MINI Has Strong Street Tuner Season with Dealership Technicians Rounding Out the Pit Crews

Click Here to Begin Slideshow All images courtesy MINI USA unless otherwise noted MINI USA and the MINI JCW Team are three races into the IMSA Continental Tire SportsCar Challenge Series, and so far it’s been an excellent season with a recent two podium showing.

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Most recently the series raced at Mid-Ohio in the Acura SportsCar Challenge, and the team continued its run of success with another one-two finish. This time the Mat Pombo and LaMarra Number 73 took the class checkers while the 52 team of Mark Pombo and newcomer Colin Mullan trailed them in second. The 37 team of Norenberg and Jones overcame a broken axle while in the lead after battling from the back to the front to finish fifth in class.

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Luis Perocarpi, the owner of LAP Motorsports (the parent team of JCW MINI) said after the Mid-Ohio race, “I am so proud of everyone on this team and their ability to stay focused on being the best team on the track every week. Our drivers did a phenomenal job out of the track. Our engineers Brad Moase, Zdravko Miric, Bill Stoddart and lead engineer Rob Ridgely called a perfect race and our MINI technicians made it happen on pit road and in the paddock.”

Those MINI technicians join the team via the BMW/MINI STEP Program, a partnership where techs from local dealerships fill out the pit/paddock crew.

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Nate Drake is a technician at Cincinnati MINI and has been working with the MINI JCW Team for three years now. Here he is prior to a recent race at mid-Ohio.

Image courtesy Nate Drake

The “pits” in the IMSA Continental Tire SportsCar Challenge Series aren’t exactly like those in most other sports. The series is an endurance challenge. The goal is to maintain the highest average speed over the length of a 12- to 24-hour race. A NASCAR or F1 race doesn’t allow drivers or crews the time to do things like change engines, transaxles or major suspension components However, the length of an IMSA races means that sometimes these swaps are essential to remaining in the race.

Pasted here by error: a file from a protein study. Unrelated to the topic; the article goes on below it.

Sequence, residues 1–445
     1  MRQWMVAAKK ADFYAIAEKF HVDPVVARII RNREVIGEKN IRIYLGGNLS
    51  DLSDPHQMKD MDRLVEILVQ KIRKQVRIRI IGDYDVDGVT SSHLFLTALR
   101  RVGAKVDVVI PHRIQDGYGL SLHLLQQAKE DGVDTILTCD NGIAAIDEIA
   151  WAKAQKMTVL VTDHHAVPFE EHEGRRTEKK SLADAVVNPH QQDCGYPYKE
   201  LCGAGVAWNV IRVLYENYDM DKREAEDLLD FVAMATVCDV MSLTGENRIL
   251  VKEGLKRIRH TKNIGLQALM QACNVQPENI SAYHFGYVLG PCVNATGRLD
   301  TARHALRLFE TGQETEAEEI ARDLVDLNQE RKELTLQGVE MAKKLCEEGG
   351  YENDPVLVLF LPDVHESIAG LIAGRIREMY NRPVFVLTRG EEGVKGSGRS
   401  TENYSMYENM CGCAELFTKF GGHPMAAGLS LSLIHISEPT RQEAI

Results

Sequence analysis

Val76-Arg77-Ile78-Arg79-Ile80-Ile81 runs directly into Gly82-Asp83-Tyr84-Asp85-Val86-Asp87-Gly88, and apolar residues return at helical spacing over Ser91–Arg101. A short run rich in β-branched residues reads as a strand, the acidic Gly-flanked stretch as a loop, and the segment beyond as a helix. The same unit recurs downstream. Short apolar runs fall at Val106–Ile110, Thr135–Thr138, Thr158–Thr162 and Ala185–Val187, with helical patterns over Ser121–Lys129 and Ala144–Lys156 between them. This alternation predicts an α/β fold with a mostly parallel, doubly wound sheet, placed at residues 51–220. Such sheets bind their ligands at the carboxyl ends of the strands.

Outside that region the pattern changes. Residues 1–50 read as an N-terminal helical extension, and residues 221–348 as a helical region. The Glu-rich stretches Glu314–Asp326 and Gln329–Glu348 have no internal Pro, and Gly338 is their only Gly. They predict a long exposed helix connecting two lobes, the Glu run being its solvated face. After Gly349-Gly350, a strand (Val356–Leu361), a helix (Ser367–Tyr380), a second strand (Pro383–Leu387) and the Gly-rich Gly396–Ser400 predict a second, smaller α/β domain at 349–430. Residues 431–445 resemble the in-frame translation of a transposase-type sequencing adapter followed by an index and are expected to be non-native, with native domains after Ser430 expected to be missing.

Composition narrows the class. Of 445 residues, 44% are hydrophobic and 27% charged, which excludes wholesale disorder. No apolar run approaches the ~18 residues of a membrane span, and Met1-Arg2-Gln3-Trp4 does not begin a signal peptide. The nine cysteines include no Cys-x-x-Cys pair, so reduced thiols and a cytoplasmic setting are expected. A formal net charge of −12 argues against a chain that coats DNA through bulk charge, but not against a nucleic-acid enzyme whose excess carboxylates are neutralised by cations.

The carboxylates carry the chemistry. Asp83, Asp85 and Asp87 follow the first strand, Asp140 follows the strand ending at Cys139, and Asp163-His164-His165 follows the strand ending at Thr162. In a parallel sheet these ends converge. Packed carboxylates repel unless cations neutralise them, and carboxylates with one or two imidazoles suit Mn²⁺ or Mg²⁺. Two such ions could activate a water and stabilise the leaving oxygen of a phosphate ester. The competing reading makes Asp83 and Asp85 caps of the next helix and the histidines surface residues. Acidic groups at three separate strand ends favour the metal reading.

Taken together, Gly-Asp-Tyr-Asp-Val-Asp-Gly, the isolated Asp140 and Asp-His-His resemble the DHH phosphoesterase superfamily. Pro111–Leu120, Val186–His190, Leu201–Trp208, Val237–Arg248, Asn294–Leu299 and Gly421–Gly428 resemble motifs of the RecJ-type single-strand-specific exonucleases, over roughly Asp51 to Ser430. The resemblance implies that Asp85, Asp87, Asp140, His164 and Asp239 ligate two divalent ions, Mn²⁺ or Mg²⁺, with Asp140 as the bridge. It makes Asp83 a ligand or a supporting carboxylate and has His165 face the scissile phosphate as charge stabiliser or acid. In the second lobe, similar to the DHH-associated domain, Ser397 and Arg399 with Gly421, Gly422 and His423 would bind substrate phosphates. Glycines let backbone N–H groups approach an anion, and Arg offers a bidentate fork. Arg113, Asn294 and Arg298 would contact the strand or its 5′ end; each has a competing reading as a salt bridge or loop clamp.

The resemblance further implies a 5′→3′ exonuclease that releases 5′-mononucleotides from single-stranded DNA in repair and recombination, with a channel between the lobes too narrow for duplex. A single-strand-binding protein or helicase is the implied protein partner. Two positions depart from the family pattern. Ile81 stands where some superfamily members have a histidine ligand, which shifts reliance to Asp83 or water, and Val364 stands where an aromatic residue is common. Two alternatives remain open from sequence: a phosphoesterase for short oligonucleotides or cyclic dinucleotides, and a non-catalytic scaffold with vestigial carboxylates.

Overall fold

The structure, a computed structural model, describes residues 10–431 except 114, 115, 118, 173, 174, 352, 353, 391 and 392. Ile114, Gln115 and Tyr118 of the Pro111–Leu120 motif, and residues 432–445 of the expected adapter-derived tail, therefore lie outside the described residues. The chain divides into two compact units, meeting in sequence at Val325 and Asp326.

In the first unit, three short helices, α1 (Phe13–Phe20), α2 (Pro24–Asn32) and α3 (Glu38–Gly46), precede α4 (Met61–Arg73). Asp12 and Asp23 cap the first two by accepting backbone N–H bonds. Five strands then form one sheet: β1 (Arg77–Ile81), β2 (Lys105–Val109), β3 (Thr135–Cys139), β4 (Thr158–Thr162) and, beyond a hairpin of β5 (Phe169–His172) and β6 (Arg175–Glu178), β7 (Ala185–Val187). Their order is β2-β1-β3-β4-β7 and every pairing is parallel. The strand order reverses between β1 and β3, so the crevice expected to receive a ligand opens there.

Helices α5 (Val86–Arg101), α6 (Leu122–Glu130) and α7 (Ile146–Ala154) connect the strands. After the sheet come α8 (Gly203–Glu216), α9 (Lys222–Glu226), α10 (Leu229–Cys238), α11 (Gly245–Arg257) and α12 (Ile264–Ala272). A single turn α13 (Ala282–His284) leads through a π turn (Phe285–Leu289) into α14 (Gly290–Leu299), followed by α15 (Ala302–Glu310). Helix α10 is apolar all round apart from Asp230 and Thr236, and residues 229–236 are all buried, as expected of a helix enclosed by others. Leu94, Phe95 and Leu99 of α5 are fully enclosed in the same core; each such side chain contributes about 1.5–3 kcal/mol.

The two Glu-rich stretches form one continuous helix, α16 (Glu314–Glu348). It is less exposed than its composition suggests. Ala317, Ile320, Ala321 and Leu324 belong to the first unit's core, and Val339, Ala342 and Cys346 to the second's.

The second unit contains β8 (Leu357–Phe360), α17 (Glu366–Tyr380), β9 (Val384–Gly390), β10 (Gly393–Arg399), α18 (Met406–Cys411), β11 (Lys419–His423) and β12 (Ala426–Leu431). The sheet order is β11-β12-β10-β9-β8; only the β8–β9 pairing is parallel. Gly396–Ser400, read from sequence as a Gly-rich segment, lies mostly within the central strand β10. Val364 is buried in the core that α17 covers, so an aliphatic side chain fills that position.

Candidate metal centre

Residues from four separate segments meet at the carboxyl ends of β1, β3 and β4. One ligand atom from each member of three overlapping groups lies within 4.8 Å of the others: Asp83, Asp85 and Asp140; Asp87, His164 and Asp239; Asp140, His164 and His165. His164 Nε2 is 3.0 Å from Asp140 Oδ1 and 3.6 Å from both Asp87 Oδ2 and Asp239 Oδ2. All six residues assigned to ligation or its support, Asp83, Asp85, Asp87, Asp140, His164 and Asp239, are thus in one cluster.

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This is where the cooperation between MINI USA, the MINI JCW Team and local dealerships comes into play. The team will determine how many local techs they need from each dealership and the dealership is asked to select their best technicians, most of whom are STEP Program graduates, to meet them at the track. Usually six techs are requested per race, but they have had as many as 11 techs at a race at Laguna Seca.

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The BMW/MINI STEP program has two major qualifications for applicants: they must have completed a qualified course of training and have a dealership sponsor them into the program. They also have to have the ability to support themselves during the training period of several weeks.

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Both UTI and Lincoln Tech offer qualified programs and are thought of as two of the best schools in the country for automotive techs. They’re both certified by every major manufacturer, so what can the STEP program offer participants and those that hire them? Specialization. Focused specialization. When a technician finishes the program they will know the MINI product line as well as those who designed it, if not better.

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A car is worked on in the paddock area.